06 November 2018 Engineering

Elastic Support Alert: Kibana Reporting Vulnerability

By Elastic Engineering

Elastic has recently identified that the Kibana reporting feature used to generate PDF reports unintentionally transmits user authentication credentials (i.e., Kibana username and password in reversible hashed format) in the HTTP headers used to request data from external resources whose data may be incorporated into the report.

Background

User credentials are encrypted at rest by Kibana and are intended for use to authenticate to an Elasticsearch server to generate reports but are not intended to be transmitted to external resources. However, in this case, the HTTP headers used to request data from external resources in connection with the Kibana PDF reporting feature also included user credentials. The types of external resources or services that may be reported in Kibana include web proxies, Kibana URL field formatters, Timelion visualizations, markdown, Vega visualizations and mapping services.

To address this issue we have released ESA-2018-17 (CVE-2018-17245), Elastic Stack versions 5.6.13 and 6.4.3 contain fixes for this issue.

Affected Users

This issue affects Kibana users on versions 4.0 to 4.6, 5.0 to 5.6.12, and 6.0 to 6.4.2 of the Elastic Stack for both self-managed and hosted deployments. It affects users who have used Kibana’s PDF reporting feature to include data from external resources. It is not triggered by requests to generate CSV reports.

Recommend Changing User Credentials

While requests to some of the external resources may have been conducted via HTTPS using encryption, there can be no assurance that all requests were encrypted and, in any event, the credential would have been exposed to external resource provider following receipt of such request. We note that we are not aware of any unauthorized use or access associated with any of the affected user credentials. Nevertheless, consistent with security best practices and as a precautionary measure, we recommend that all affected users change affected credentials.

Recommended Actions

If you are an affected Kibana user (i.e., (i) you have used Kibana’s PDF reporting feature to include data from external resources) and (ii) you are on one of the affected versions described above, then you should consider changing your credential as described below.

Native Realm

This recommendation applies where users have used the "native" registration feature of the Elastic Stack, i.e., have registered using the Kibana user management interface and have created a unique username and password at the time of registration. If you are native realm user of Kibana then your user details are stored in an Elasticsearch index. This means that the individual user can change his or her credentials directly using the Kibana user management interface or, alternatively, the Elastic Stack administrator can change all user credentials via an Elasticsearch API.

Please note that native is the default security realm for customers of our Elasticsearch Service on Elastic Cloud.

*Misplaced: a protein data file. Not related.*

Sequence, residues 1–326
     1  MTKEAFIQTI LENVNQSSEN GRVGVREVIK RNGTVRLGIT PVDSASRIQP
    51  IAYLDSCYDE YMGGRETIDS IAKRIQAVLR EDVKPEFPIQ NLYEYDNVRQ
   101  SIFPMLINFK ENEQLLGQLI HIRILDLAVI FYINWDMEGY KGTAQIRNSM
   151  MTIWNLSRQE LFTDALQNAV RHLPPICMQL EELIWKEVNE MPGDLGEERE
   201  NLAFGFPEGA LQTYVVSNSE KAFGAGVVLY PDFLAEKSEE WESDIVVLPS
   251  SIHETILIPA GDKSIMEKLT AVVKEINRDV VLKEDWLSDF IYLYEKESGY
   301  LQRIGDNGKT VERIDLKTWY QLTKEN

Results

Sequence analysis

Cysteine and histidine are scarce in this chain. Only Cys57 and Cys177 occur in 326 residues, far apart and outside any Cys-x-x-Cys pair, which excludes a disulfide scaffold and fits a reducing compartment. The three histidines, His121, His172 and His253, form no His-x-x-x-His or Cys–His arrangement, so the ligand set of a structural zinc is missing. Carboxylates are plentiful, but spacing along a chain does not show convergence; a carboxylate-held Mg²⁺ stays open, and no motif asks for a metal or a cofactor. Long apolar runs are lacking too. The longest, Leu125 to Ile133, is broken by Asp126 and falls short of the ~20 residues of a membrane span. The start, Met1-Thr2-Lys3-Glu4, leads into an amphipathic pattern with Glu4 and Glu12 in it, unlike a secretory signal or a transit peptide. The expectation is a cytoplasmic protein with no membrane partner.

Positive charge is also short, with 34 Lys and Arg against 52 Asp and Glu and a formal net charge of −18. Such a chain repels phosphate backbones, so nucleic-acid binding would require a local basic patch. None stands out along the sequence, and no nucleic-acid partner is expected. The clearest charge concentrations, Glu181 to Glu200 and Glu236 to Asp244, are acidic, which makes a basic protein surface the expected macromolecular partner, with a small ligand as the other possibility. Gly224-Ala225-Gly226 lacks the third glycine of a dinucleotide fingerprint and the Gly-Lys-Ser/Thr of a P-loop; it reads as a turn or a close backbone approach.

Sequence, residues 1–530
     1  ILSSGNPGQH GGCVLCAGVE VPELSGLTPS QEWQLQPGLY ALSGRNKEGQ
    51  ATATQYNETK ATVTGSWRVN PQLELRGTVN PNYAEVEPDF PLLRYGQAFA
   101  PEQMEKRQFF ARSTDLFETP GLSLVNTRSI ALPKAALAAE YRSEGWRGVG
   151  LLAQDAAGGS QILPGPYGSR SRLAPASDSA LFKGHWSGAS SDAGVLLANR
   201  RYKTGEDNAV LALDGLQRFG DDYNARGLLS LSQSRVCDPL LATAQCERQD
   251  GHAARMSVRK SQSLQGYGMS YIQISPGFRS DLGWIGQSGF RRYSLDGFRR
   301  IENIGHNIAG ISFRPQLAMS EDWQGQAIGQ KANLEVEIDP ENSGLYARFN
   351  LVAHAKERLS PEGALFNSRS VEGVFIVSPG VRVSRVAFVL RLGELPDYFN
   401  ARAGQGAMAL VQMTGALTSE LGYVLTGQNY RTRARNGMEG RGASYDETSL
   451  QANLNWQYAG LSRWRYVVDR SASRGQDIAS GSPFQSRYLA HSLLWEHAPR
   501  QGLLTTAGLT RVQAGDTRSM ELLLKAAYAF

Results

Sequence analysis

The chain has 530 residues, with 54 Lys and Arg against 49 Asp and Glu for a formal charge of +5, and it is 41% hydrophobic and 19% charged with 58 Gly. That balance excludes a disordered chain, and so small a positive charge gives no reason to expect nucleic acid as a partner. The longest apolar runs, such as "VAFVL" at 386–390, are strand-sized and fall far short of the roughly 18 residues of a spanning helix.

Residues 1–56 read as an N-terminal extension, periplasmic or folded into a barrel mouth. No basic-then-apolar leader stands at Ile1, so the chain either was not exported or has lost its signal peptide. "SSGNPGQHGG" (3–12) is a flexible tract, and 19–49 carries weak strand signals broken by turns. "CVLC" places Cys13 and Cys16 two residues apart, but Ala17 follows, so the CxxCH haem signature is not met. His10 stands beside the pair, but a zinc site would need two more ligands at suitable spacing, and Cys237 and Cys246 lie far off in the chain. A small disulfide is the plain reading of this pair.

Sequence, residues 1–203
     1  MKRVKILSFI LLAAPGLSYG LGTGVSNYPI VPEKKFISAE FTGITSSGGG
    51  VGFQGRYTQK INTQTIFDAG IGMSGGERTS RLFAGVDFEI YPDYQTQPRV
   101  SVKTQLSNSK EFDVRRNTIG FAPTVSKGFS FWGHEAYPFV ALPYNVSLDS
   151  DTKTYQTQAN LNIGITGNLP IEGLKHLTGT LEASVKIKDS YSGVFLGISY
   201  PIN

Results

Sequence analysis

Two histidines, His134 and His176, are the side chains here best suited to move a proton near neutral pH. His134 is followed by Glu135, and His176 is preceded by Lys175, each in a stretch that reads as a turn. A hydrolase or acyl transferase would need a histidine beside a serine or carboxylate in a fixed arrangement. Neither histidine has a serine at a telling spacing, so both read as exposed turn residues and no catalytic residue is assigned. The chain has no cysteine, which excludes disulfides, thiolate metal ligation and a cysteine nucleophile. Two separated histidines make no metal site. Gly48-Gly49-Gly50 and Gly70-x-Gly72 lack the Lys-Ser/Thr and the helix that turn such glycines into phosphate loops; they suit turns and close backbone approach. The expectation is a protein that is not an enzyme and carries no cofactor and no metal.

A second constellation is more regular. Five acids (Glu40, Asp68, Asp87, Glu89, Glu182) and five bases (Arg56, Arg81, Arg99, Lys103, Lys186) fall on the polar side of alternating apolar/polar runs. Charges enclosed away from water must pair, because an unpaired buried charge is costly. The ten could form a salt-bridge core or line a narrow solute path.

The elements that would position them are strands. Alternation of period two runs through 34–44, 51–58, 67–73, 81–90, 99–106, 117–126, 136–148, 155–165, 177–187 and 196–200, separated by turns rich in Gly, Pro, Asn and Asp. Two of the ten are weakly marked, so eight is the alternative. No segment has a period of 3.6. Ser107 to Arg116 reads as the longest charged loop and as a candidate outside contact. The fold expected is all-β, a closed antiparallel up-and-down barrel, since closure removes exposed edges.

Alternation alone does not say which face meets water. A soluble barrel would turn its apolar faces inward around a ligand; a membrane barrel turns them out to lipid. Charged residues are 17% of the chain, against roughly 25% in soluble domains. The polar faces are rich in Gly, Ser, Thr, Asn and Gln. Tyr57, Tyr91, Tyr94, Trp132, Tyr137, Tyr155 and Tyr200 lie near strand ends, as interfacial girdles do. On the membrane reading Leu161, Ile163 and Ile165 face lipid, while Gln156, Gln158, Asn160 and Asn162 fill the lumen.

File Realm

This recommendation applies where the Elastic Stack is configured to use file based user authentication. Users are managed via the ‘user’ command line utility shipped with Elasticsearch. The Elastic Stack administrator must change all user credentials using command line tools.

LDAP and Active Directory Realms

This recommendation applies where the Elastic Stack administrator has enabled user registration utilizing user credentials stored in LDAP and Active Directory. Because these user credentials affect more services than just the Elastic Stack, all affected users should be instructed to change their user credentials for LDAP and Active Directory.

SAML Realm

The SAML realm is not affected by the plaintext disclosure flaw, but a session replay attack does affect the SAML realm. The SAML realm uses a pair of tokens: access tokens and refresh tokens. Access tokens are short lived (20 mins), but refresh tokens can be valid for at most 24 hours and can be used to get new access tokens. To address this potential attack, we have provided instructions (later in this blog) on how to expire SAML refresh tokens.

PKI and Kerberos Realms

The PKI and Kerberos realms are not compatible with Kibana at this time and are not affected by this flaw.

Custom Realms

If you have a custom realm you should review the authentication process to decide what actions should be taken.

Instructions for Expiring SAML Refresh Tokens

Depending on number of tokens/users you may need to scroll. This is per SAML realm:

curl -uelastic -X GET "https://localhost:9200/.security/_search?pretty" -H 'Content-Type: application/json' -d' 
{
    "query": {
        "bool": {
            "filter": [
              { "term": { "doc_type": "token" } },
              { "term": { "access_token.realm": "<NAME OF SAML REALM>" } },
              { "term": { "refresh_token.invalidated": false } }
            ]
        }
    },
    "_source": ["refresh_token.token"]
}
'

Each result from this query will contain a refresh token that needs to be invalidated. Invalidate each token by:

curl -uelastic -X DELETE "https://localhost:9200/_xpack/security/oauth2/token" -H 'Content-Type: application/json' -d'
{
  "refresh_token" : "<REFRESH TOKEN HERE>"
}
'

Going Forward

Elasticsearch 5.6.13, 6.4.3, and above come with a bug fix for this vulnerability. If you are unable to upgrade, be sure to follow the recommended actions above.

Subscription customers are encouraged to reach out to their support contact. If you have questions, please visit our forum.